PressReader is free and you currently receive 7 free issues with each download, so you have nothing to lose from giving it a try.

We mention PressReader on iPad Creative simply because we feel that it represents an important milestone in the life of the iPad. With the Retina display Apple is providing the hardware to compete with the quality of traditional print, PressReader is the app that bridges the gap between the old and the new. You get the best of both worlds, near instant delivery combined with traditional page layouts.

App Store Link: PressReader

Will the new iPad with Retina display mean trouble for photographers?

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As a photographer you'll doubtless want your photos to look their very best on Apple's new Retina display equipped iPad, but have you considered the risks involved? This well reasoned article from Popphoto.com has certainly given us pause for thought. Some of the issues mentioned here will also apply to those who paint with the iPad.

The printed book is doomed

The Telegraph's Shane Richmond puts forth a convincing argument for why the printed book is doomed. Here's a snippet to whet your appetite, but be sure to read the entire article.

"My daughter’s generation will probably have ebook textbooks. They will never experience dog-eared, vandalised, outdated school books, shared one-between-two. They will enjoy books that are enhanced with video, interactive graphics and picture galleries. And they will see these things are the norm. Printed books will be strange relics from their parents’ generation."

We have to say that despite our love of printed books and magazines, everything that we have seen over the last 16 months leads us to agree with Shane's conclusion.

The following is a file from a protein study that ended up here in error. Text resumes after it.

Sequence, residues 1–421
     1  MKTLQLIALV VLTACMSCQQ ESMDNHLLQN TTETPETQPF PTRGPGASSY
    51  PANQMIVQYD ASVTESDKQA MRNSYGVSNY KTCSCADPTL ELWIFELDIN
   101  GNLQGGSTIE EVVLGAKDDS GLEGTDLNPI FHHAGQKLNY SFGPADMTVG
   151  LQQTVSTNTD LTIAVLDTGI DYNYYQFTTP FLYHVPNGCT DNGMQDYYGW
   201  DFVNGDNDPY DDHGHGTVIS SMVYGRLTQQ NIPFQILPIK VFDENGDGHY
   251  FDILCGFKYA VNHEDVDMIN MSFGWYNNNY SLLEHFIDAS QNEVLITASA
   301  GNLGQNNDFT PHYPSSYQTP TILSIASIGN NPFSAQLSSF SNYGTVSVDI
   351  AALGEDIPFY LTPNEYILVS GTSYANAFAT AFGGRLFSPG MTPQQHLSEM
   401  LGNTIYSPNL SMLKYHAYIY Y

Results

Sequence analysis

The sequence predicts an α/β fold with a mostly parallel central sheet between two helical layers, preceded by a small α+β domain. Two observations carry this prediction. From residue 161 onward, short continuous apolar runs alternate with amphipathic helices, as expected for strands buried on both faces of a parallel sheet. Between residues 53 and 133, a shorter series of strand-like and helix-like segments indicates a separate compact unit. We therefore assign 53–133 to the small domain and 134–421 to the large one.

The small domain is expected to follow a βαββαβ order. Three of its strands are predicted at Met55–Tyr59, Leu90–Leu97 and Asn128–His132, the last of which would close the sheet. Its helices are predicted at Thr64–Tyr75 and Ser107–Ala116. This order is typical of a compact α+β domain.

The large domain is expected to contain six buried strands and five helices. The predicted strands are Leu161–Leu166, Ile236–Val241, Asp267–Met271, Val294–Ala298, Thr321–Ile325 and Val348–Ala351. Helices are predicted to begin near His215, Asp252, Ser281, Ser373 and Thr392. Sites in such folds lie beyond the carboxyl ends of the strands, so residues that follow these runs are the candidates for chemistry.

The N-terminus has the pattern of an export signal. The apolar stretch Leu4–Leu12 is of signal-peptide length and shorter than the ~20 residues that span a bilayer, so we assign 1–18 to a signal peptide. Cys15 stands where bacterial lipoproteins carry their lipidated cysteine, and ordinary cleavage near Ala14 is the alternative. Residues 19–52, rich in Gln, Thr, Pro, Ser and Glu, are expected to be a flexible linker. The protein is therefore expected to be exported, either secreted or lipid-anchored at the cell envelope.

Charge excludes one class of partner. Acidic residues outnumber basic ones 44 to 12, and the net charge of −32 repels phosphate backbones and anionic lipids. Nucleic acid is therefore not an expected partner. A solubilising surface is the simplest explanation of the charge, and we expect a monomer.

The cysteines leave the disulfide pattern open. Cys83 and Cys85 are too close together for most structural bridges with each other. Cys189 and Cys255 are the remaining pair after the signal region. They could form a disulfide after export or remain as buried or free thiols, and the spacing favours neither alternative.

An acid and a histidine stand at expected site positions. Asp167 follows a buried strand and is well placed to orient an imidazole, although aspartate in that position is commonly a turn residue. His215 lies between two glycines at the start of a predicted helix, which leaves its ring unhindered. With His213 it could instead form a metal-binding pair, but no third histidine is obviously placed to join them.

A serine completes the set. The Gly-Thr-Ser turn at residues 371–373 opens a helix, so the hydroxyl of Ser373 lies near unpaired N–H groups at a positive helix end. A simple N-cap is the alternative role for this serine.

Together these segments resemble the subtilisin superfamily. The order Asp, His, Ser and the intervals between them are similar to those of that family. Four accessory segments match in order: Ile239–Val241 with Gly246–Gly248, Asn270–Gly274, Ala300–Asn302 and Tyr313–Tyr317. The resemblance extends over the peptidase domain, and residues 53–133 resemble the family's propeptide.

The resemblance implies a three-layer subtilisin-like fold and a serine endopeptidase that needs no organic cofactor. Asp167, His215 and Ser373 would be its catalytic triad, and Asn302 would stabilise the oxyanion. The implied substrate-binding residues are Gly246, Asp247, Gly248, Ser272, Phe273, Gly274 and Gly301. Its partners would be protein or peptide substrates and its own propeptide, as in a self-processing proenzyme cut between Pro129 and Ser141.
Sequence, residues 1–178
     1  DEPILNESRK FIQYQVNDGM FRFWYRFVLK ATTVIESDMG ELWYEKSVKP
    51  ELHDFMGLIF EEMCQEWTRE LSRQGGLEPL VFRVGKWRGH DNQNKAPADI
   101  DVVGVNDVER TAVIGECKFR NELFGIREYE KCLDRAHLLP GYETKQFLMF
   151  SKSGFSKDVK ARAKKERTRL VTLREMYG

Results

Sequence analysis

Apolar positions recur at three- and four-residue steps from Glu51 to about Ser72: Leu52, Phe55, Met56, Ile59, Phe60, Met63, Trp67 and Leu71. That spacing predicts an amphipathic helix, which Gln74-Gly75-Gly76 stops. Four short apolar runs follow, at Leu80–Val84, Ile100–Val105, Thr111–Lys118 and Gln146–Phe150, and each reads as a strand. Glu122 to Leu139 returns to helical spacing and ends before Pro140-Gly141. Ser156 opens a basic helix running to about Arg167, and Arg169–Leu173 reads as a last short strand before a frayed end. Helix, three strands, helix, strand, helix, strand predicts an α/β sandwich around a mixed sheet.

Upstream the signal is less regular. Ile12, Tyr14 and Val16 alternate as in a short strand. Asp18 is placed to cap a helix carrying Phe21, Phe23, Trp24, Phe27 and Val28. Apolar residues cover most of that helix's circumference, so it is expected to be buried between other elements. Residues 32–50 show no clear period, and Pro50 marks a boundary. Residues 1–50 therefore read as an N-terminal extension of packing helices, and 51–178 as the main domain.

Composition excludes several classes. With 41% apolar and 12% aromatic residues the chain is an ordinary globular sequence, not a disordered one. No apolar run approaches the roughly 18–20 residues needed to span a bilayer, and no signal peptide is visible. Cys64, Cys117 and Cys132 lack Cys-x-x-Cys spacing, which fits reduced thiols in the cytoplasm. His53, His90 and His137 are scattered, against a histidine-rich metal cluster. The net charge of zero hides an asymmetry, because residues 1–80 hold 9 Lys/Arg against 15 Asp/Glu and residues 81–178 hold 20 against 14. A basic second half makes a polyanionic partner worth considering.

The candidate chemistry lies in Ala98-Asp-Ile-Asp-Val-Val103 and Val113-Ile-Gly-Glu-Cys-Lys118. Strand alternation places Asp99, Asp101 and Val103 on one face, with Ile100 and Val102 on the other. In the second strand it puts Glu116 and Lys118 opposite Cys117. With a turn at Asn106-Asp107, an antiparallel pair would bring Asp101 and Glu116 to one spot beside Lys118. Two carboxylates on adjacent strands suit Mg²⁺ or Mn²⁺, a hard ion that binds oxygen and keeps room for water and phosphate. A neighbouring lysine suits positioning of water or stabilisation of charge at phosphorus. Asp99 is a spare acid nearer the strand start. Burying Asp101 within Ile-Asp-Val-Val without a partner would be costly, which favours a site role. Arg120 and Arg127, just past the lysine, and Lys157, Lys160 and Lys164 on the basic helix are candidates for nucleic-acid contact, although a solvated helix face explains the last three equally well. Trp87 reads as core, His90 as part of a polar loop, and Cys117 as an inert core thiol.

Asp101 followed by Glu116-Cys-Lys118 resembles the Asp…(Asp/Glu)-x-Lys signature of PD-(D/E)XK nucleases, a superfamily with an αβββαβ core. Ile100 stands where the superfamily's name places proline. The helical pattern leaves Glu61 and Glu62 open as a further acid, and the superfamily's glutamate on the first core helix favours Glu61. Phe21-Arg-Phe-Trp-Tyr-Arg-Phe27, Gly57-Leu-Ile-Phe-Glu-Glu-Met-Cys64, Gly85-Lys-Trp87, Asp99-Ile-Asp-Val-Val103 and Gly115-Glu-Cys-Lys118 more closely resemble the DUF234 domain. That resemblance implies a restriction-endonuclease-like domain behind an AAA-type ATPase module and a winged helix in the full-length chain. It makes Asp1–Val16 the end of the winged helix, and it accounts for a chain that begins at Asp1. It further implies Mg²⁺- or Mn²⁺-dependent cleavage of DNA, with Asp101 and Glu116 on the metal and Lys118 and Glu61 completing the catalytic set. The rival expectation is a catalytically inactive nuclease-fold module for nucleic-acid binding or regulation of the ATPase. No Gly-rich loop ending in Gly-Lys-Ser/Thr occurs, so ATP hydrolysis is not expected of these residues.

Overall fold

Print still has the upper hand in a few key areas, but as we proposed recently in an article about the possibility of an iPad Pro and ealier in a post about the merits of an iPad with a Retina class display, even those key strengths may soon arrive on the iPad platform.

Have we already seen the iPad Pro?

In 2001: A Space Odyssey, as Frank Poole and David Bowman catch up with news from home on their outward journey to Jupiter, we see them use devices that are remarkably similar to the iPad. As others have already noted, the similarity to the iPad, both in Clarke's description and Kubrick's representation, is quite remarkable. However, we think it might have more in common with the long rumoured iPad Pro.

Not everyone agrees that Apple are planning to launch an iPad Pro, some can't see the point given that it would compete more directly with the MacBook range, while others object to the idea of a larger tablet device claiming that it would simply be too big to be usable. We have long held the opinion that iOS will eventually replace Mac OS X and that the iPad will shortly become the most important computing platform for Apple. During the last quarter Apple made more money from the iPad than it did from all its Mac computers (desktops and laptops) combined.